The last security conference I attended I was stopped by an industry professional who asked if I “knew any penTesters? I can get them a job; here’s my card.” It’s a high-demand job with not many people qualified to do it at this point.
DONHAM: I can go on and on about this.
I’ve been in IT for almost two decades now and I don’t think I’ve ever seen things change so quickly in technology as it has with IT security. It’s absolutely fascinating (and scary). Everyday I learn something new and grow. With this industry, I’ll never run out of things to learn and I will continue to do so for the rest of my life, as it is my passion.
As we rely more and more on our digital devices, I feel most people really don’t understand how much information is being collected about them and how easy it is for people to access it.
If they did, they would see the world in a different light.
For instance, recently I hacked a smartphone using a well-known exploit and passed it around to several people I know. The phone appeared to be turned off, and I got looks from them like “so what.”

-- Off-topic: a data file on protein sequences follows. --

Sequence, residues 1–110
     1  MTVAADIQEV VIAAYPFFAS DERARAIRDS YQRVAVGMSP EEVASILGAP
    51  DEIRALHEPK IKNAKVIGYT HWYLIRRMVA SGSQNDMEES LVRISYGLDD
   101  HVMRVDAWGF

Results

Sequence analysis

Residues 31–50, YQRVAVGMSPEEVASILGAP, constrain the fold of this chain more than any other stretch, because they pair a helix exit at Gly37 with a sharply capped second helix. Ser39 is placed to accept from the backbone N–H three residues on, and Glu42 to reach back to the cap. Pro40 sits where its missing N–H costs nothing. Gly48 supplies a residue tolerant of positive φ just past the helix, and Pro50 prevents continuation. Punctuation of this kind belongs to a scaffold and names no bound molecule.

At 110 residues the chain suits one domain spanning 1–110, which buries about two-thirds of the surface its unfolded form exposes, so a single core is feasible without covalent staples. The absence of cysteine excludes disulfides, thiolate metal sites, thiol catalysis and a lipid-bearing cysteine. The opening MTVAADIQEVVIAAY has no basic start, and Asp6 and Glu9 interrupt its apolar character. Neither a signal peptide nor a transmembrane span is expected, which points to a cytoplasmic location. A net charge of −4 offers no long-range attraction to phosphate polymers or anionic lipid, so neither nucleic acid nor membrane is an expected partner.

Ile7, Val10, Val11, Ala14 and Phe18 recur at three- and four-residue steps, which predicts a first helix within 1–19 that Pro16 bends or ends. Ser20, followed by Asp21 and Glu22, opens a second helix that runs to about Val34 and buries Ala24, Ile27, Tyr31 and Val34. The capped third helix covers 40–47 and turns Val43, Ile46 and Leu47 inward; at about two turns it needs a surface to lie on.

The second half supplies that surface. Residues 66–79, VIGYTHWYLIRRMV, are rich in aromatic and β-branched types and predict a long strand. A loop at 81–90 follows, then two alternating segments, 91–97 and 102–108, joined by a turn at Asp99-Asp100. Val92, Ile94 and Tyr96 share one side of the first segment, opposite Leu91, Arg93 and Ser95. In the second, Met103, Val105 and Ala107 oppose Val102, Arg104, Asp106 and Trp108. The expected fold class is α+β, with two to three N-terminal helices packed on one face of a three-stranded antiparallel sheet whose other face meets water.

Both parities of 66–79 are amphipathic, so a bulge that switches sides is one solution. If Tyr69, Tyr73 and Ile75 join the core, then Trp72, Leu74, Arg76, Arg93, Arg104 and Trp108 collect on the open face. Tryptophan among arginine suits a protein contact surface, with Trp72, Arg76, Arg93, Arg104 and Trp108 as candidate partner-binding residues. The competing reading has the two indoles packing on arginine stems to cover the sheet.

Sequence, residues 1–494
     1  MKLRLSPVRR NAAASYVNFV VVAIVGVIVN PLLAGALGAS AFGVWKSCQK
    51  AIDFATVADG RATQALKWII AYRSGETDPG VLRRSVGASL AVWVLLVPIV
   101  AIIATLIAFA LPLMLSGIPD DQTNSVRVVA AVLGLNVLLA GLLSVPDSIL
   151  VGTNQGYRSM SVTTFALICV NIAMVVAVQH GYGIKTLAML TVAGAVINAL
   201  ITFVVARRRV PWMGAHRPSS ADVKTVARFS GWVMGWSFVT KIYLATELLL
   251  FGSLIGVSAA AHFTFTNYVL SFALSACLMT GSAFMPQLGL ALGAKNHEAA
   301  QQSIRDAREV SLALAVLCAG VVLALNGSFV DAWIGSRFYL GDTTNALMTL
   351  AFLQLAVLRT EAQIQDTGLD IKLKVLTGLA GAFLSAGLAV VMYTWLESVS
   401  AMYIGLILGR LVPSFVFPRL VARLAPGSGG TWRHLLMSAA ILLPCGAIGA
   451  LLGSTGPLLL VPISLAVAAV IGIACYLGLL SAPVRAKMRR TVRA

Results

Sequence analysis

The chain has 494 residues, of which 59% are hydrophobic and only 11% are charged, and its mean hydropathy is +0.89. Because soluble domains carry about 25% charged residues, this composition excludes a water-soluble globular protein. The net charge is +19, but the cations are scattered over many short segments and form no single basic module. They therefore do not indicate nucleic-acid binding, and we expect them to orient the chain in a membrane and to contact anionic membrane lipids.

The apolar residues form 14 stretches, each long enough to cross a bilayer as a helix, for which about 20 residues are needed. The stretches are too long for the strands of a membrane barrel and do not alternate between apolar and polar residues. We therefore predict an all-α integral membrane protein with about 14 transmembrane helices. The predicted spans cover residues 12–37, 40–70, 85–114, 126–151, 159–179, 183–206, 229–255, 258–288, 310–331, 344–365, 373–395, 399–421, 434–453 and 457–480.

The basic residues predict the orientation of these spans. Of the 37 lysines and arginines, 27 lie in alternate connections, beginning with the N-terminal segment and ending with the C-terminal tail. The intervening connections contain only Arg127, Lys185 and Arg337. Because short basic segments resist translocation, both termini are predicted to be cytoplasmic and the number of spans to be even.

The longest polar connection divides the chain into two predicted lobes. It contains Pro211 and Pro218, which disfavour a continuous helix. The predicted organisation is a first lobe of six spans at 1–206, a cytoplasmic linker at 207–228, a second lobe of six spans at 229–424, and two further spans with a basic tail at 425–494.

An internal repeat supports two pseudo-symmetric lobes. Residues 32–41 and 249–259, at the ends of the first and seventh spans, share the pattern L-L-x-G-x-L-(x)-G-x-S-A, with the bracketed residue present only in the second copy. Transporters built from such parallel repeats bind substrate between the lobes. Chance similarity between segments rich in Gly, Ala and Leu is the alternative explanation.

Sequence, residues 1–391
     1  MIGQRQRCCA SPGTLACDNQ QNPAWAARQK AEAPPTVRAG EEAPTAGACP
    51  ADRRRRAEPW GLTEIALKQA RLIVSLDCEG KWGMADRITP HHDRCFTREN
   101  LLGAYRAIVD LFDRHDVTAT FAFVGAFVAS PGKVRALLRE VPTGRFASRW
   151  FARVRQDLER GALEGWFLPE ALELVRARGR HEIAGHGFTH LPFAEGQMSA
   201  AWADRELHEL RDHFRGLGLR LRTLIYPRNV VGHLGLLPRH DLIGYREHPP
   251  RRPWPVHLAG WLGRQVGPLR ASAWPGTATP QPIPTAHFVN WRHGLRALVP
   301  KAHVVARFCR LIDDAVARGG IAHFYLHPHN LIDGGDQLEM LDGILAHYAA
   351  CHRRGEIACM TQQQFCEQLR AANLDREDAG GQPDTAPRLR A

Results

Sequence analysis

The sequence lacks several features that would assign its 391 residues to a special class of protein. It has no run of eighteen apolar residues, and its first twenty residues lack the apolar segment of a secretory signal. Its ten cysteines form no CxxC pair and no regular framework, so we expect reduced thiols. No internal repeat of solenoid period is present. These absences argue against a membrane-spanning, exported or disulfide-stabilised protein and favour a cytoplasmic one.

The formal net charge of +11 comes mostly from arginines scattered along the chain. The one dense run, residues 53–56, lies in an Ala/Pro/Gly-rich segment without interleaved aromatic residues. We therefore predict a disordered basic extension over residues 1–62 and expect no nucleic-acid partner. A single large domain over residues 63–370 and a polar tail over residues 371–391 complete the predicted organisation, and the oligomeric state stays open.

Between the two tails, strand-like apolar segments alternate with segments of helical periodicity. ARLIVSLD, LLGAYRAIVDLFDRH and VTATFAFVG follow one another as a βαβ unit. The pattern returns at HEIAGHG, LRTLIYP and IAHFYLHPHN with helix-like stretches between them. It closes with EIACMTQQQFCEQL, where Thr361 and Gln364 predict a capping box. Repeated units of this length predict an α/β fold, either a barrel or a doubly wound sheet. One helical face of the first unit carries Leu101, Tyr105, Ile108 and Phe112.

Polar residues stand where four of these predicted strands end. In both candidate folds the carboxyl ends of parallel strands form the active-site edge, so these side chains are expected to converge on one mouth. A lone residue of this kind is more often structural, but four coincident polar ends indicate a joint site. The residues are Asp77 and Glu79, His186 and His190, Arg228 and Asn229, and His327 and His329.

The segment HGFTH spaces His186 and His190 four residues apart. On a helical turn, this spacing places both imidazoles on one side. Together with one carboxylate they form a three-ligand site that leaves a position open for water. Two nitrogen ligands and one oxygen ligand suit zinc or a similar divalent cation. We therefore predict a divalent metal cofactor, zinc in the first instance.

That look changed to shock when I turned my laptop around and showed them that the phone was actually live streaming video to my laptop, recording our conversations and geolocation, as well as accessing all its texts and photos.
Any app you load on your phone can do this. These people never knew this could happen, and I’m sure they will think twice before installing their next free app on their phone. Maybe they will actually change their passwords frequently and not use the same password for multiple accounts.
It’s all the things people have heard a million times before, but they never think it could happen to them. It’s one thing to talk security, but it never hits home until you actually do it and show them. As they say, actions speak louder than words.
The North Bay Business Journal. (2019). Have what it takes to be a cyberdefender?. [online] Available at: https://www.northbaybusinessjournal.com/industrynews/technology/9196346-181/empire-college-cybersecurity-education?artslide=0 [Accessed 31 Jan. 2019].